I have no problem getting to the gym and having the proper equipment to conduct the workouts. My issue is that being on a military base, my ability to control my nutrition and diet is limited. I can not get rid of the "smooth" layer of fat that my body has. I only know the basics of nutrition, and I would be grateful for any advice that can be thrown my way.
At Gym Jones we differentiate between a "Daily Diet" i.e. how one eats on a day-to-day basis and a "Performance Diet" i.e. how to eat when one is actually preparing for, doing, or recovering from the activity. Here are the basic nutritional rules for the daily diet that we teach at our "Fundamentals" seminar:
1. Eat for an objective. Caloric intake depends on the goal: maintain, increase or decrease mass. People underestimate caloric intake. Athletes, especially recreational athletes, overestimate caloric output. 1000 calories on a rowing machine is a hard hour. Know your basal metabolic rate, and the cost of activity.
2. Eat small meals throughout the day: boost metabolism, reduce insulin response to high caloric density of larger meals, remind the body food is plentiful, above all prevent poor eating decisions when famished.
3. Eat real food, the closer to nature the better. If you can’t pronounce it don’t eat it. If it wasn’t food 100 years ago it is not food today. Food quality comes first. Ratios and details are secondary. Be aware of seasonal food availability.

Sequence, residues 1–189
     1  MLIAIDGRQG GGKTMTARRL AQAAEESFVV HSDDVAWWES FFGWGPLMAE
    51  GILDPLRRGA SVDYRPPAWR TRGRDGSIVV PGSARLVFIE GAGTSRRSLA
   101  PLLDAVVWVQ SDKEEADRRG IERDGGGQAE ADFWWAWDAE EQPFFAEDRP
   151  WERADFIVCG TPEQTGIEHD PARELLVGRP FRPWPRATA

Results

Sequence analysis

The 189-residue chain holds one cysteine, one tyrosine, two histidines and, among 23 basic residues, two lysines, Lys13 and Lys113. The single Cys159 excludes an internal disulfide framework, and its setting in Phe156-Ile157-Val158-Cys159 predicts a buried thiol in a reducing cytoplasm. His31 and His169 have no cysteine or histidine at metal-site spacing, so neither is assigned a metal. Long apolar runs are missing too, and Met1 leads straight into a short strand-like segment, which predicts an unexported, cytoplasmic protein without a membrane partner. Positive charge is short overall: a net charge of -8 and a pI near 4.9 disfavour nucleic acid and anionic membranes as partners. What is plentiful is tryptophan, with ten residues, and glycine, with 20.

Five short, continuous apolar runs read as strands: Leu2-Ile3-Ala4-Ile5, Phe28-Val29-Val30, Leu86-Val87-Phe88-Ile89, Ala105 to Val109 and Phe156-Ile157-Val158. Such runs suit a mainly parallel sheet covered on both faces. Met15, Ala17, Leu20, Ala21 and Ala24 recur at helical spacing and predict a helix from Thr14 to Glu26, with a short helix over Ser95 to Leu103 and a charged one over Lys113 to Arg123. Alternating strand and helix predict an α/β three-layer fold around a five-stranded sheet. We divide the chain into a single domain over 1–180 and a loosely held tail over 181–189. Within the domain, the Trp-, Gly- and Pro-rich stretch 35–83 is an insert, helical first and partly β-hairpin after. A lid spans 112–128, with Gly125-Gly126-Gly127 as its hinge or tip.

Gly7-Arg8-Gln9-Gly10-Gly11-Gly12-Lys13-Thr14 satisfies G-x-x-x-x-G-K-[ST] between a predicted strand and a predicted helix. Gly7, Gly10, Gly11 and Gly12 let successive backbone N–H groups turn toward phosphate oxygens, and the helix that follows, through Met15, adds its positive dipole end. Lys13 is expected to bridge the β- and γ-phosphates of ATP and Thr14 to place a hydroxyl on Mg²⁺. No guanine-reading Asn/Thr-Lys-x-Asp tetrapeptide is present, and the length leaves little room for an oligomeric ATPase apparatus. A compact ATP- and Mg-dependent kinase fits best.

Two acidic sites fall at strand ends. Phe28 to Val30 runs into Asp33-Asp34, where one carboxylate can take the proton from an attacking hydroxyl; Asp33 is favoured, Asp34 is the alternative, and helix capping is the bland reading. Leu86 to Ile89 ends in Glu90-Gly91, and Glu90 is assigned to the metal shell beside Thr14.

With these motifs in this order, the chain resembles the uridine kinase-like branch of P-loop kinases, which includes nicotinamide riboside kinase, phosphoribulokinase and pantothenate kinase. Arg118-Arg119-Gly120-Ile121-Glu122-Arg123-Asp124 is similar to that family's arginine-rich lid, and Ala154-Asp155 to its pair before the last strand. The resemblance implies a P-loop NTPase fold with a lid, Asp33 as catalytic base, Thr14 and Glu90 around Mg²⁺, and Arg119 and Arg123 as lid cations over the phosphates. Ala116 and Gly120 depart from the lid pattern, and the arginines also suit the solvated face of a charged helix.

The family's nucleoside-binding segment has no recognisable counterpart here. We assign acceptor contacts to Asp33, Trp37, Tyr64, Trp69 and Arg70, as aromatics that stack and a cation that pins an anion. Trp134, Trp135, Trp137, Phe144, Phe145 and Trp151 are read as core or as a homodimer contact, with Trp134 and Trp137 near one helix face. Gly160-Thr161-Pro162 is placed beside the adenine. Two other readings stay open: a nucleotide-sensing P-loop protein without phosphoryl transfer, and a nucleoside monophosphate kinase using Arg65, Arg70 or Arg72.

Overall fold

4. Mix your fuel sources at every snack or meal:
a) Eat protein with every meal. It’s a building block and triggers satiety enzymes.
b) Eat carbohydrates with every meal (choose fruit/vegetable sources with high fiber content).
c) Eat fat with every meal. Choose monounsaturated and polyunsaturated sources. Essential Fatty Acids (Linoleic, Alpha-linolenic) should make up 30% of total fat intake. Be aware of saturated fats (animal or vegetable sources) but don’t avoid them entirely. Oils must not be refined. Do not eat trans-fats, i.e. hydrogenated oils, or anything made in a lab.
Eat all three macronutrients in roughly equal caloric values. Hunger two hours after eating means too many carbohydrates. Hunger 3-4 hours after means ratios about right. Tweaking ratios beyond this level isn’t worthwhile until the all other rules are respected consistently. As Dan John says, “if you didn’t eat breakfast don’t ask me about nutrition.”
5. Don’t drink calories. Don’t drink soda or “sports drinks”. Drink water (minimum of 80-120oz/ day), tea, coffee, etc. Diet soda keeps the brain addicted to sweet taste, still triggers insulin response (rat study). People consume 12-20% more calories when meals are liquid (human study, jellybeans).
6. IF you need to, take a few simple supplements: fish oil (3-6g/day) and/or EFAs, multi-vitamin (2x/day), vitamin C, a few minerals, clean water. Use protein supplements wisely.
7. Alcohol is part of nutrition: if you plan to drink cut calories elsewhere. Alcohol is poison.